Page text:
This article discusses the concept of transition portfolios and the procedures for developing them (see box, "What Is a Transition Portfolio?"). Examples from Jeff's portfolio illustrate the types of information included, such as personal and medical information, helpful educational and programming strategies, communication needs and solutions, and behavioral support.

Information Gathering

The development of a portfolio is a team effort. It involves not only the student's current teachers, paraprofessionals, support personnel, and administrators, but family members, peers, and the student. Any member of the student's team can initiate a portfolio, and it can consist of any kind of information the team deems important for new team members to know to create a quality educational program for the student. Information contained in the transition portfolio differs from a student's cumulative folder in that it does not contain such items as test scores, but rather focuses on details that are critical to a student's everyday functioning and learning.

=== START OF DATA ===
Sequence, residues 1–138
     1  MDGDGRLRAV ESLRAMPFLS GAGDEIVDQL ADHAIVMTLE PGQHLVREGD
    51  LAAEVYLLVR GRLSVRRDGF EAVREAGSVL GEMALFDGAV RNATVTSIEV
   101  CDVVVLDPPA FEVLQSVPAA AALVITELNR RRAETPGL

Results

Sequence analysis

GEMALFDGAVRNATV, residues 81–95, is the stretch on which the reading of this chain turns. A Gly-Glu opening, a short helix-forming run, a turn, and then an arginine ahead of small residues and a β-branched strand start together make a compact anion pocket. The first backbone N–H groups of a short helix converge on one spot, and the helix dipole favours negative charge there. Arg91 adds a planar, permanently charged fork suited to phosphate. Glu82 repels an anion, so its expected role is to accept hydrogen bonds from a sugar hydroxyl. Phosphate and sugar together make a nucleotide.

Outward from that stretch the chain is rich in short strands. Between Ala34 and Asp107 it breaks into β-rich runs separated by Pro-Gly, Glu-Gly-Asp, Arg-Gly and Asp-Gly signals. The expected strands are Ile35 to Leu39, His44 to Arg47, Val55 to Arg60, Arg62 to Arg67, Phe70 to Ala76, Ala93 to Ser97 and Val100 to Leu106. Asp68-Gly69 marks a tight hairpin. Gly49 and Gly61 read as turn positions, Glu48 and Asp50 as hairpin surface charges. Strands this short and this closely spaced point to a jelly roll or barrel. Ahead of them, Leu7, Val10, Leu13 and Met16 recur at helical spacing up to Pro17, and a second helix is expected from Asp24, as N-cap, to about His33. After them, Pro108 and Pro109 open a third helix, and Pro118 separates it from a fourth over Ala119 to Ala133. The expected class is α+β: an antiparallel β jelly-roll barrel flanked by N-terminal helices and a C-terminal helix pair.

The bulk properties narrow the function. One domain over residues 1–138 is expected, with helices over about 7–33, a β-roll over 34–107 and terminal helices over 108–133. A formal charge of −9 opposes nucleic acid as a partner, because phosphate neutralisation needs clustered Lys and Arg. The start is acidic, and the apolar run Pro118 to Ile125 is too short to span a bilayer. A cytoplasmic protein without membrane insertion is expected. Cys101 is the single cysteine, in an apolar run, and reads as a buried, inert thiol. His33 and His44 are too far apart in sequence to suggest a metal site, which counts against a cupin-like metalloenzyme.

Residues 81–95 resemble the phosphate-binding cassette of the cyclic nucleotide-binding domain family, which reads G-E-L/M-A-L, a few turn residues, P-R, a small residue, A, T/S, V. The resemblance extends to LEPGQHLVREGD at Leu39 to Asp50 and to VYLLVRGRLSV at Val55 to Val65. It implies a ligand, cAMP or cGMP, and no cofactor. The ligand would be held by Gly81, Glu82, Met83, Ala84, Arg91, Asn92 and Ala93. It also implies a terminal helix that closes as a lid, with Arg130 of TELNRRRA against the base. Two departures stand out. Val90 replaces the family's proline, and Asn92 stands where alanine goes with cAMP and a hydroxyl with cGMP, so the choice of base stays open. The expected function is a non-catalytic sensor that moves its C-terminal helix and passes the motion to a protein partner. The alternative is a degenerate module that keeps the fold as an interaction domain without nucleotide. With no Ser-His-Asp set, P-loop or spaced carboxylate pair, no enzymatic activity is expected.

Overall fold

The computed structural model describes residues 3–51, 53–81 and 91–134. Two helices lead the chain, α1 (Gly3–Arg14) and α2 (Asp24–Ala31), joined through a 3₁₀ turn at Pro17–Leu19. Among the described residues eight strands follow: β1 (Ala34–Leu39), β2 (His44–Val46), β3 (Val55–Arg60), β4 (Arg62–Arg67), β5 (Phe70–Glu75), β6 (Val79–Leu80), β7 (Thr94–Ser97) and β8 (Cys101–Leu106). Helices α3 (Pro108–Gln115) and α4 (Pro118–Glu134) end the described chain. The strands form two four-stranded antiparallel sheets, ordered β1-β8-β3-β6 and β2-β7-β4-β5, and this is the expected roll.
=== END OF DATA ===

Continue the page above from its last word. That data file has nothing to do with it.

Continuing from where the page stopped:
The information-gathering process usually goes on over the course of a school year. Members of the team jot down important details and strategies and then document these items in a more formal way at the end of the year (e.g., notebook). For example, because Jeff is on several medications, his team felt it was important to document the type of medications he is taking and the effect these medications have on his behavior. It is up to the team members to develop a transition portfolio that describes the student's gifts and individual characteristics. The following section describes some basic portfolio components.

Portfolio Components

Personal Information

At a minimum, the personal section of the portfolio should include a brief overview of the student. For example, it may help the receiving teacher to know something about the student's likes and dislikes. This kind of information helps the teacher see the student first as a person with personal characteristics, rather than just a student with a disability.